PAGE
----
Risk Management as Knowledge Production: Application to Fast-Tracked Complex Multi-Stakeholder Airport Projects

Risk Management as Knowledge Production: Application to Fast-Tracked Complex Multi-Stakeholder Airport Projects

Alasdair James Marshall (University of Southhampton, UK), Udechukwu Ojiako (University of Sharjah, UAE), Terry Williams (University of Hull, UK), Jumah Rashid Al-Mazrooie (Dubai Aviation Engineering Projects, UAE), Fenfang Lin (University of Southampton, UK) and Maxwell Chipulu (University of Southampton, UK)
DOI: 10.4018/978-1-5225-9377-5.ch003

Abstract

Rapid national infrastructure growth, as witnessed today in many countries such as the United Arab Emirates, commonly makes fast-tracking demands of what are already highly complex multi-stakeholder projects. Considering the long history of airport project failures in a number of fast-growing cities, the chapter explores risk management enhancements for addressing the challenges associated with transitions from project completion to commencement of operations. The proposed solution in the pages that follow is to have in place dedicated risk management teams spanning the transitions. These teams should provide a locus for stakeholder collaboration based on a shared concern to build excellence into the customer experience from commencement of operations onwards.
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Introduction

Being comprised of stakeholders in such a way as to ensure a thorough environmental scanning mix, the risk management teams advocated for in the present chapter should approach risk management not just as a process matching identified risks to controls, but - much more ambitiously - as an active intelligence gathering and knowledge production activity which continually informs and yet also transcends that process. Accordingly it can be argued that risk management, considered in both interconnected aspects, should take operational readiness and commissioning factors as their focus for developing abstract-categorical risk knowledge.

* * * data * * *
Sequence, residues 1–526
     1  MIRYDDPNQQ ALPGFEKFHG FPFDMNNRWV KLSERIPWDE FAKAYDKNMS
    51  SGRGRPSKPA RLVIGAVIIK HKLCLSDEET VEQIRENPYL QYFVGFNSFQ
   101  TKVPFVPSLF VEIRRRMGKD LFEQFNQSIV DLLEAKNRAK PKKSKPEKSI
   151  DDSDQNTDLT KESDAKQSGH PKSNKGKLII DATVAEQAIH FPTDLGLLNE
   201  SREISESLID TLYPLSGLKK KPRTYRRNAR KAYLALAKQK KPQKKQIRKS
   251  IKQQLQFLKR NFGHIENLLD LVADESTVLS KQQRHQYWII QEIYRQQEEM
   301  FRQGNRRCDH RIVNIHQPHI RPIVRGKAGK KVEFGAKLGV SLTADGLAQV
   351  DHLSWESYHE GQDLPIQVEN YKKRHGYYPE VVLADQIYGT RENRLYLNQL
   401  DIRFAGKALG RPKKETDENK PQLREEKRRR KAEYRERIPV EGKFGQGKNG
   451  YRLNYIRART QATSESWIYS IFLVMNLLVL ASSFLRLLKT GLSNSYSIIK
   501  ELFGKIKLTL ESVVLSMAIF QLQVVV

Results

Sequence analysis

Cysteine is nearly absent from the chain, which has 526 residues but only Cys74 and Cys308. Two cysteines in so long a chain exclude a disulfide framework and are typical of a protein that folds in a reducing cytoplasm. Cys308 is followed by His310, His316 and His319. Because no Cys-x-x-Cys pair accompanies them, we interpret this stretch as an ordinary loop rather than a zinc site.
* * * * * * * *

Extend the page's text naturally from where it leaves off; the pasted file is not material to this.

In other words these categories should be considered important for sensitising the minds of all who manage risks on projects, to specifc risks likely to arise which might otherwise be invisible owing to the overwhelming complexity of the projects. Such practice can be explained as harnessing abstract-general risk categories for purposes of top-down risk identification to capture logically aligned subsets of concrete-specific risk. To complement this view, it can be further explained in terms of the risk management metaphor which calls for project risk radars to be pointed towards where risks are most likely to materialise.

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